Woodrow Wilson came to politics from the academy, and undoubtedly his university experiences prepared him for the political challenges of the presidency. As unlikely a president as he was, his success in pushing through a reform agenda surprised his critics and the Democratic Party bosses who thought they could control him. With his comprehensive Wilson (Putnam, $40), Pulitzer Prize- winning biographer A. Scott Berg relies on fresh anecdotes and historical nuggets to paint a thorough, engaging, and refined account of Wilson’s life as an academic and a politician. Berg focuses on the political genius of the first “modern” president, but also on blemishes that marred Wilson’s career, including his atrocious record on race and freedom of expression.
With the centennial of the start of World War I nearly upon us, historian Max Hastings offers a lively and opinionated answer to the haunting question of how the conflict began, then provides a richly detailed description of the first months of war, covering all fronts, from the fields of France to the mountains of Serbia to the plains of Russia. In Catastrophe 1914: Europe Goes to War (Knopf, $35), Hastings disputes the idea that a series of mistakes caused the conflict, instead planting the blame squarely on Germany. He recounts how, from the beginning, all the powers suffered from a mismatch of ambition and fighting capability. And in depicting the results, he broadens the focus beyond generals and statesmen to include grunts, ambulance drivers, and the wives left behind.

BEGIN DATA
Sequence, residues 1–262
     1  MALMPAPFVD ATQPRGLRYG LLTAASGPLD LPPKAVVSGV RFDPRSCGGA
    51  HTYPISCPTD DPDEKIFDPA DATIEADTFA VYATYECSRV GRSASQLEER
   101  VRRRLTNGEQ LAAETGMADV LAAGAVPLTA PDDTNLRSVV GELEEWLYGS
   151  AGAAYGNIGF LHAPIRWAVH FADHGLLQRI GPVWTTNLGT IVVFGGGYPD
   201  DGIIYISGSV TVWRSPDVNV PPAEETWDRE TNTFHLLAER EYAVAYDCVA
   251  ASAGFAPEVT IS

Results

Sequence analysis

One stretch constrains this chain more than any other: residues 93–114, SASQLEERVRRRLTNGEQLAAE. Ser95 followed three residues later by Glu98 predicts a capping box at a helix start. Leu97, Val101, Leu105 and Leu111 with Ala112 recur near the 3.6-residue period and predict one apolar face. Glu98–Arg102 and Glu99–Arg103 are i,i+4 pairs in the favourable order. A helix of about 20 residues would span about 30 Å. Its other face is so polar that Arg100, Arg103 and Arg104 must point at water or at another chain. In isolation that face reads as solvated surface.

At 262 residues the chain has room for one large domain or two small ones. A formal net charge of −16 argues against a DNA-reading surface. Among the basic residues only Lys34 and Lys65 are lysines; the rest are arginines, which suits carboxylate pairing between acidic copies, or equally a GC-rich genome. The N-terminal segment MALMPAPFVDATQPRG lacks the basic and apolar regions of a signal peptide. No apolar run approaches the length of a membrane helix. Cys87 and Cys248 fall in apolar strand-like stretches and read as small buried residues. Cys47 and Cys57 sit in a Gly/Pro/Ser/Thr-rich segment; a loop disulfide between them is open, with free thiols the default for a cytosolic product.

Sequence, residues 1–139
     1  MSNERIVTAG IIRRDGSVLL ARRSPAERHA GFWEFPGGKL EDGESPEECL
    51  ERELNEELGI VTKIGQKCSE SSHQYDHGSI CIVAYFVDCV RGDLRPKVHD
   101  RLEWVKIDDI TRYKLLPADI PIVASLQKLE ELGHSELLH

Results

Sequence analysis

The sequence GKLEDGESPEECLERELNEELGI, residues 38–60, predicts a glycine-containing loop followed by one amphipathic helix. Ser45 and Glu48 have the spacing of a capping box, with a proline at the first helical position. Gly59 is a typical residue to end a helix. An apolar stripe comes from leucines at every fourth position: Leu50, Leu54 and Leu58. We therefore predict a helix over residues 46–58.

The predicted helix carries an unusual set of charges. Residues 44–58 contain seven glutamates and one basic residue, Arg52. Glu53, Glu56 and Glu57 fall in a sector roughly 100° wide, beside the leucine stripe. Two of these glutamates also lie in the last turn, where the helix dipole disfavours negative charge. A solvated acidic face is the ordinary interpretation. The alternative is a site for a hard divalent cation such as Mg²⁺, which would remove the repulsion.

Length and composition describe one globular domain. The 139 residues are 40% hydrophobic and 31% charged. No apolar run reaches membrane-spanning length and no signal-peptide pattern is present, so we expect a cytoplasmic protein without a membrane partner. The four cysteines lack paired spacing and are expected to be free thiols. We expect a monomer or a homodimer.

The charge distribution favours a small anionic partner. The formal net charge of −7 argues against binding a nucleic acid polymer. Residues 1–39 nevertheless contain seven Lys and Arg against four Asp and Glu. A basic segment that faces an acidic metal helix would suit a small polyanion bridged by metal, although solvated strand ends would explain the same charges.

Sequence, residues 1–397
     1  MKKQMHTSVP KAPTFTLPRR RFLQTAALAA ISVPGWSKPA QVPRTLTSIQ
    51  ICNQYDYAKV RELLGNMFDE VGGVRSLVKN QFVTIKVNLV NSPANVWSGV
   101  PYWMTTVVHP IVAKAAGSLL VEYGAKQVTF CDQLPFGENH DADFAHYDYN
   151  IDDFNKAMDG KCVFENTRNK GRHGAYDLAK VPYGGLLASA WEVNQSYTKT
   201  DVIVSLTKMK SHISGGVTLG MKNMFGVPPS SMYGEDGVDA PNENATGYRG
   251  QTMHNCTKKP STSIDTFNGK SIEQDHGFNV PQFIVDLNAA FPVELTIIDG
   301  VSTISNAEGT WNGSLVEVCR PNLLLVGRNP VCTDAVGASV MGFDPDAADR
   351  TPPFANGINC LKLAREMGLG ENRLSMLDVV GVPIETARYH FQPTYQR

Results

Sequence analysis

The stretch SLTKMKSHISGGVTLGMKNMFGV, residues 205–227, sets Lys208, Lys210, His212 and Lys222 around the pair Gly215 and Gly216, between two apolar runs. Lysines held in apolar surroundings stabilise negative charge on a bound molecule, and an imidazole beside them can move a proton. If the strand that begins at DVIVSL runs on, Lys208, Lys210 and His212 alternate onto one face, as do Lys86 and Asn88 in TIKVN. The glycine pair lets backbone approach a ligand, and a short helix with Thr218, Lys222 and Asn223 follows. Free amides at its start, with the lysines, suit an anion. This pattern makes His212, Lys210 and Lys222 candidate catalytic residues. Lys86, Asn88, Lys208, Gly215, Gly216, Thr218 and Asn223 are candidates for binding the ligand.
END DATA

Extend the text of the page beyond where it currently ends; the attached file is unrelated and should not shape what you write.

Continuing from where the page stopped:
In order to publish The Myth of Sisyphus in occupied France, Camus had to comply with Nazi censors and cut his chapter on Kafka. This is one of many startling details—Camus, after all, considered revolt “the first value of the human race”—in Sean B. Carroll’s fact-filled Brave Genius (Crown, $28), a study of resistance in wartime France and Cold War Europe. A self-described “lifelong World War II history buff,” Carroll is also a noted molecular biologist, as is one of the two heroes he profiles, Nobel laureate Jacques Monod. While Monod didn’t meet Camus until after the war, the two held similar beliefs and both struggled tirelessly against the Nazis. For both men, the resistance informed their later work and shaped their philosophies; resistance didn’t end when the Germans left France. Rather, it shifted from being a cause worth dying for to being a way of making life worth living and a world worth living in. Carroll elegantly intertwines questions of ultimate meaning with Camus’s idea of the absurd and Monod’s research in genetics that revealed life as a product of chance and necessity, not the design of a higher cosmic order.